The blue jays arrived first. They still startle me with their plumage. I didn't grow up with blue jays, and they've always seemed rather foreign to me, like creatures out of a jungle picture book. They are colourful and noisy and somewhat obnoxious, rather like children. They crowded around the feeders, calling to each other with their piercing cries, alerting the bird world to their discovery.
The chickadees came next. They are the bravest of the little birds, willing to dart in between the bossy jays for their share of sunflower seeds. With their black caps on, they seem game for anything. These are the birds which landed on my head last winter when I stood out in the cold for half an hour with seeds on my toque, pretending to be a statue. It was one of those childhood dreams fulfilled. I had tried many times as a kid to stand still enough, for long enough, in our backyard in Fort Smith for the chickadees to land, but they never did. Perhaps I've gained some patience as a "grown-up." Or perhaps this variety is a little less wild. Either way, they braved my humanity long enough to settle and snatch what they were after, and left me grinning like a fool.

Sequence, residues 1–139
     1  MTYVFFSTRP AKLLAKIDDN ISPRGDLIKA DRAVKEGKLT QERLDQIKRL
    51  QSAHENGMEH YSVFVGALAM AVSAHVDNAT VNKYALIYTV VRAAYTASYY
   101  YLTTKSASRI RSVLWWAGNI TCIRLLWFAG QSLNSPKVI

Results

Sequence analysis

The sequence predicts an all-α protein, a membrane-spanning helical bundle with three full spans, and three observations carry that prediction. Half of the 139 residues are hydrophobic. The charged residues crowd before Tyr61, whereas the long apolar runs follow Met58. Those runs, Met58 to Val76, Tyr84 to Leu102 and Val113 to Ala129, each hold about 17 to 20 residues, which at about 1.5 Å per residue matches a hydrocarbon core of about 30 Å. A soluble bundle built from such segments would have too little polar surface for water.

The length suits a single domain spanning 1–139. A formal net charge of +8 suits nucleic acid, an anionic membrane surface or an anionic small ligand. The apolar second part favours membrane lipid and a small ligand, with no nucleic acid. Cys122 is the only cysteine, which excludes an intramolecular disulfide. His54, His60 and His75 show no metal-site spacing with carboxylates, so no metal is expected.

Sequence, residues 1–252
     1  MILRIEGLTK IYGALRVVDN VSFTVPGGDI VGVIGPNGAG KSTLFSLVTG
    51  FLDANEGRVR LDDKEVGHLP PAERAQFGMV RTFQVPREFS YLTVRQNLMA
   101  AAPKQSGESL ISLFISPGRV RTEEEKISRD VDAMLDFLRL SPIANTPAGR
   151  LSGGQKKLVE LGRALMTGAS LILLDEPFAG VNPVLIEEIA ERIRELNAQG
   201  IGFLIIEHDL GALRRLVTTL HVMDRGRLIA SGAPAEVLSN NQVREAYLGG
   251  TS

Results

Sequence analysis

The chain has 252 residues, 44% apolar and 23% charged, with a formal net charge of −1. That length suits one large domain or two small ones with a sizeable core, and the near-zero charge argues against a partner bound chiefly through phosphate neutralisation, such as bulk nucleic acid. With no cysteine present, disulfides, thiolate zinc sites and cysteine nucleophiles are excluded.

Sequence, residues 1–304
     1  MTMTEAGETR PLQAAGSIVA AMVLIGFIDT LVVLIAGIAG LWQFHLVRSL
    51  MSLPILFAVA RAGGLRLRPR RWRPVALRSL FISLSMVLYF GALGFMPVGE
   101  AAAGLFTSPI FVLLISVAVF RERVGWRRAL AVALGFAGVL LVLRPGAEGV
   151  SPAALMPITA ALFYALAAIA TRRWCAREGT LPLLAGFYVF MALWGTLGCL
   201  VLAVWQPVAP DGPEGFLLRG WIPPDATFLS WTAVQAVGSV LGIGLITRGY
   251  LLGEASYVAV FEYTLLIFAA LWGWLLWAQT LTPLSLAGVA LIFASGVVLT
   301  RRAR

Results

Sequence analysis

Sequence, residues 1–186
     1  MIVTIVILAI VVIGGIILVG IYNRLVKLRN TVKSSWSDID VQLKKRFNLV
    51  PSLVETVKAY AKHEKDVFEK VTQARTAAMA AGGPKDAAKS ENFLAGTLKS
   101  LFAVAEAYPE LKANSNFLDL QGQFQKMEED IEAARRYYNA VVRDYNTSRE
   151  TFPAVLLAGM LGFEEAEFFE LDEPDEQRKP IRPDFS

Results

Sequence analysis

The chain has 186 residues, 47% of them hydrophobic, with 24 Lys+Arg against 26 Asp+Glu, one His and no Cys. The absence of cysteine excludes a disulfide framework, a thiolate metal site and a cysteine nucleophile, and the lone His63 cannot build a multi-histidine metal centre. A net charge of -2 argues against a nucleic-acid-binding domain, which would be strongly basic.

Later in the morning I came back to the window and the snowy ground was spread with juncos. I cannot say why these in particular should captivate me. Perhaps it is the distinction between their smoky grey backs and white breasts, or the way their eyes gleam like shiny coals through the smoke. It might sound silly, but I think it's the way they look at me. They prefer to forage on the ground, picking out what has scattered from more careless birds above. And that's why we make sure to scatter a few handfuls of seed just for them.
And up among the chickadees, a downy woodpecker, alternating between feeder and branches, gripping bark with its four-toed feet, always head up. How is the grub finding in February, I wonder? It is smaller than its hairy cousin, though just as persistent. It must pick and drill for its food, if easier pickings are not to be found. "If any would not work, neither shall he eat." I admire its determination, and the way its thrusts its whole upper body beak-first into the search. On Ash Wednesday morning, I woke to the sound of one of these, knocking on doors in the sky.
"Ask and it shall be given unto you. Seek and ye shall find. Knock and the door shall be opened unto you." This was the message I heard on the day we consider and mark our frailty.
Such little creatures all, with only a feather's breadth between them and starvation. Fragility like this cannot afford complacency. And so I am happy to spread this small banquet in a sparser season. Sometimes you just need a table prepared.
When you are tired of drilling and foraging through a crust of ice, there is this grace that arrives like manna. In the deep winter, a hand stretches out, offering seed for the sower and bread for the eater.
Be brave, little bird, and come closer!
The search never ends, but neither does the provision. There is always food enough for the journey.